On February 19, 1519, the Spanish explorer Hernan Cortez set sail for Mexico with a fleet of 11 ships and 553 soldiers. The indigenous population in the Yucatan Peninsula upon his arrival was approximately 5 million. From a purely mathematical standpoint, the odds were stacked against Cortez by a ratio of 7,541 to one.

This daring undertaking was made even more insurmountable by the fact that for more than 600 years, conquerors with far more resources at their disposal who attempted to colonize the Yucatan Peninsula, never succeeded. What Cortez is reported to have done next is an epic tale of courageous proportions. He issued a three-word order to his men that turned his mission into an all-or-nothing proposition—burn the boats!

It was a decision that should have backfired. For if Cortés and his men were on the brink of defeat, there wasn’t an exit strategy in place to save their lives. Remarkably though, the command to burn the boats had an opposite effect on his men because now, they were left with only two choices — die or fight for victory.

About a thousand years before, the world’s greatest empire builder, Alexander the Great, burned his boats upon arrival on the shores of Persia. By burning his boats, Alexander committed his men to victory over the Persians, who far outnumbered the Greeks.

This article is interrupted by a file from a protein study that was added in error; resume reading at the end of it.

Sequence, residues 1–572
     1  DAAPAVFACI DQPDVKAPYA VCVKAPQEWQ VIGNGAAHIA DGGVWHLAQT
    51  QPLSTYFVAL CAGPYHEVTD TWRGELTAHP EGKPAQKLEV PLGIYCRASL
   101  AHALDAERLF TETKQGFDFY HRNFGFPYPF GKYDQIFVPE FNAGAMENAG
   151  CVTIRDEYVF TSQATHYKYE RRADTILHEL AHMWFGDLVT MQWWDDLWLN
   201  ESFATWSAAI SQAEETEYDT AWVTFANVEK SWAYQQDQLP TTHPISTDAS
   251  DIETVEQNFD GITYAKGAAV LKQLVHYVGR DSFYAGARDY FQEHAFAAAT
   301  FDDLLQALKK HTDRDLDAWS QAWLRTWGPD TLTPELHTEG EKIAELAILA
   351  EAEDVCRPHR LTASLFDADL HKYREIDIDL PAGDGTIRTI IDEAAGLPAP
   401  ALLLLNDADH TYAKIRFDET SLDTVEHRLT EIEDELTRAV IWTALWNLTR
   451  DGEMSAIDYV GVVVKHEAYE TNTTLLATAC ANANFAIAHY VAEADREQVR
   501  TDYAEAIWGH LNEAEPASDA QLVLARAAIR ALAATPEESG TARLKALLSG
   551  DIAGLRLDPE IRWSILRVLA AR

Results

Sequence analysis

There are moments in our lives when we need to burn the boats of our past. There are times in our journey with Christ when He calls us to a “road less traveled.” The old road, the familiar ways aren’t working. We know in our heart that God is telling us to burn the boats of the past and fight for a new future. We must burn the boats named “Failure,” “Shame,” “Divorce,” “Addiction,” and even past “Success.” We must burn the boats by making a choice to stop what we’ve been doing and commit ourselves to a new way of life. No turning back.

On Sunday, I was speaking in front of a church. I had been asked a question about the vision of discipleship and I answered: “At our church we are building all in, burn the boats, wholehearted disciples of Jesus!” I like that definition. I believe it’s what Elisha did in burning his plow and killing his oxen in 1 Kings 19:21 to follow Elijah. It’s what Joshua did when he committed Israel to crossing the Jordan River in flood stage (Joshua 1-4) to take the Promised Land. It’s what Jesus meant when He said, If you try to hang on to your life, you will lose it. But if you give up your life for my sake, you will save it.” (Matthew 16:25 NLT)

I know it’s difficult to imagine burning our boats, crossing the Jordan, and losing our life for Christ. It’s because all we can see is our past. But if you will have the courage to burn your boats and lose your life, you will discover that you didn’t need those boats anymore, and Jesus will empower a new life, and He will get the glory!

Burn the boats!

Steve
Steve Holt D.D. MA

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